In addition to the standard tuning pins, some medieval harps were equipped with ‘bray pins.’  These were pins, usually L-shaped, that not only attached the string to the soundboard of the instrument, but could be adjusted either to touch the strings lightly to create a loud buzzing, or moved away to allow what we today would consider a more normal sound.

Today’s harpist typically has several instruments in varying sizes, while the troubadour and traveling minstrels of Niall’s time would have had only one, relatively small and easy to carry, as they traveled either on foot or by horse, from town to town, earning a living with songs, news, and stories, often accompanied by their harp playing.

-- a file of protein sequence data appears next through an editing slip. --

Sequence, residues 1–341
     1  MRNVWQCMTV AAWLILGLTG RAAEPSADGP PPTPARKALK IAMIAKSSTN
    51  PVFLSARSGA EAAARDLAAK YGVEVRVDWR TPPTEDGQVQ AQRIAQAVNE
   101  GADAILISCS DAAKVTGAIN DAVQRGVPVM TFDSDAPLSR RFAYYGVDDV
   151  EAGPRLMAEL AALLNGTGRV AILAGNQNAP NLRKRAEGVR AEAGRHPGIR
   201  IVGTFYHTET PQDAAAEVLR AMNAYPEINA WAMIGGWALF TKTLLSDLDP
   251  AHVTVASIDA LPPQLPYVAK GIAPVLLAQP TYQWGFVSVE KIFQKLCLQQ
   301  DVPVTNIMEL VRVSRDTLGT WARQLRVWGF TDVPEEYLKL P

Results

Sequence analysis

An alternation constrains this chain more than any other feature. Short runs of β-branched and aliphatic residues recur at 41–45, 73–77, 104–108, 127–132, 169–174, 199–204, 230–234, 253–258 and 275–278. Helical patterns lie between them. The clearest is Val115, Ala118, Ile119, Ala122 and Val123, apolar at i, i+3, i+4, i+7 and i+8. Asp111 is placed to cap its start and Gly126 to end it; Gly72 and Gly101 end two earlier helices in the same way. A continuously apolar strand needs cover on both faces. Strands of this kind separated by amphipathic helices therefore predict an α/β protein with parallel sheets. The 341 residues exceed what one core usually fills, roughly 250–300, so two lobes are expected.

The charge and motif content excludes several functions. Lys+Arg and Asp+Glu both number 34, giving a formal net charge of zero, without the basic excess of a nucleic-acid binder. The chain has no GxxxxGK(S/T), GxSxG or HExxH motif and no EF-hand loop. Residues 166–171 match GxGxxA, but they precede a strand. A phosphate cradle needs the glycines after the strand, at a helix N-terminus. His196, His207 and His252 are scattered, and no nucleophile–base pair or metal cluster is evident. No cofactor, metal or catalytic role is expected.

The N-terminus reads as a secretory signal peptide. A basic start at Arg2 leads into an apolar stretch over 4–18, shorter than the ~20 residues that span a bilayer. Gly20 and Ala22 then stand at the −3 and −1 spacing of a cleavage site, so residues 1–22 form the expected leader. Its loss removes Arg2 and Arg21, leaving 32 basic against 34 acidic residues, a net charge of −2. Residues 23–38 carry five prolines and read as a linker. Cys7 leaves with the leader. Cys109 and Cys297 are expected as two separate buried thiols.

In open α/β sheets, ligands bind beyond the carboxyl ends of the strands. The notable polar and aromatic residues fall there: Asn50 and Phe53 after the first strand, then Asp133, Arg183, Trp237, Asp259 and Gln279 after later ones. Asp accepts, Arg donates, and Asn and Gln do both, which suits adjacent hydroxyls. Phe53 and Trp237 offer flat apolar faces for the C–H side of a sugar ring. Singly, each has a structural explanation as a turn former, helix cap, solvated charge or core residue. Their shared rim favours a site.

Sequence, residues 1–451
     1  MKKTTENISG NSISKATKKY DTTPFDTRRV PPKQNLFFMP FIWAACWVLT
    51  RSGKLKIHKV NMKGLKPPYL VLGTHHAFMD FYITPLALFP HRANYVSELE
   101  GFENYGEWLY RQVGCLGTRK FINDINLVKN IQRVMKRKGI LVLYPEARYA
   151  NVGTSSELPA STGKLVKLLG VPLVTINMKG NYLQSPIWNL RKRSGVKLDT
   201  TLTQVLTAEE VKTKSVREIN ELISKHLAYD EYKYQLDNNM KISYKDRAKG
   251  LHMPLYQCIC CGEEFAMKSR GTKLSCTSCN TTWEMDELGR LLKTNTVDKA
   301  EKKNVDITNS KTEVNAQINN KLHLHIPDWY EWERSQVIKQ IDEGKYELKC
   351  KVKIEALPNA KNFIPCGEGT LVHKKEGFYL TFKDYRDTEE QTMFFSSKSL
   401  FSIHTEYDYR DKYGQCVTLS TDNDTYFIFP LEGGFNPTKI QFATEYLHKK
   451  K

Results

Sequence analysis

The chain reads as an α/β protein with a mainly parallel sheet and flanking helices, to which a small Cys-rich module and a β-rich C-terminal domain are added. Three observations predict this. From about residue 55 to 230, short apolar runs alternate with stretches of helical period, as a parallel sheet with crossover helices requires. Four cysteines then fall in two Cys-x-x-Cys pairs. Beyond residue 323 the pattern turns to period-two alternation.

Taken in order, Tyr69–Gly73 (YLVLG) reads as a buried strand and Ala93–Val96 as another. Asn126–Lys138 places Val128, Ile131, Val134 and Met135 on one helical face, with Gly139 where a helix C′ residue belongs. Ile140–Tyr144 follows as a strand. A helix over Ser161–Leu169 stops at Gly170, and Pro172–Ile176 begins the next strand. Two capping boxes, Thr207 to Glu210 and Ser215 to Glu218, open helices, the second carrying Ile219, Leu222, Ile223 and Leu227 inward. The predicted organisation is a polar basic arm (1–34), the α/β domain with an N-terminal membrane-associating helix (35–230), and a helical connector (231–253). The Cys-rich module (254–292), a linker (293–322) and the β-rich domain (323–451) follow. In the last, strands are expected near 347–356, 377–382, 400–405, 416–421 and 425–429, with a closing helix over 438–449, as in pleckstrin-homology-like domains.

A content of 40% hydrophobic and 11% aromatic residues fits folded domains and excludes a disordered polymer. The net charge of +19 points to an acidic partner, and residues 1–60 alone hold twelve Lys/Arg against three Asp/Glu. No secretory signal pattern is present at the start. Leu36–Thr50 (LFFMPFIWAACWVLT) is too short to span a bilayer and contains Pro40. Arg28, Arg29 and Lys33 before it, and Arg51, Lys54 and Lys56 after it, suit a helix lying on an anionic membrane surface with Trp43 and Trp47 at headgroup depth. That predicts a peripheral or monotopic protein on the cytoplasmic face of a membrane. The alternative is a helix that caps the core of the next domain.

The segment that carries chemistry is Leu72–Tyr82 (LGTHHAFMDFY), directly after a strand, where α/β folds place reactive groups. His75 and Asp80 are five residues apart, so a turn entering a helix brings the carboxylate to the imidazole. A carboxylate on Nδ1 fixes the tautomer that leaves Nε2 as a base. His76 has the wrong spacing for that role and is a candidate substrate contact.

My own modern harps, by contrast, are much larger. Although only considered medium or medium large by today’s standards, one stands 4′ 8″ and the other just over 5′ 3″. The larger one, a Camac Mademoiselle, has 40 strings and weighs in at 42 pounds. My ‘small’ harp has 33 strings, stands 4’8″ and weighs 22 pounds. Clearly, even the small one would be a problem if I had to carry it on foot from one town to another.


The biggest harps, concert grand pedal harps, would be virtually impossible for a medieval troubadour.  They stand over 6′ tall, have 47 strings, and weigh over 80 pounds.  I suppose a war horse wouldn’t find that too much weight in comparison to the hundreds of pounds of knight, armor, and weapons they typically carried, but I suspect not too many troubadoursokay, I’m going to go out on a limb here and say, I bet no troubadourshad their own personal war horse.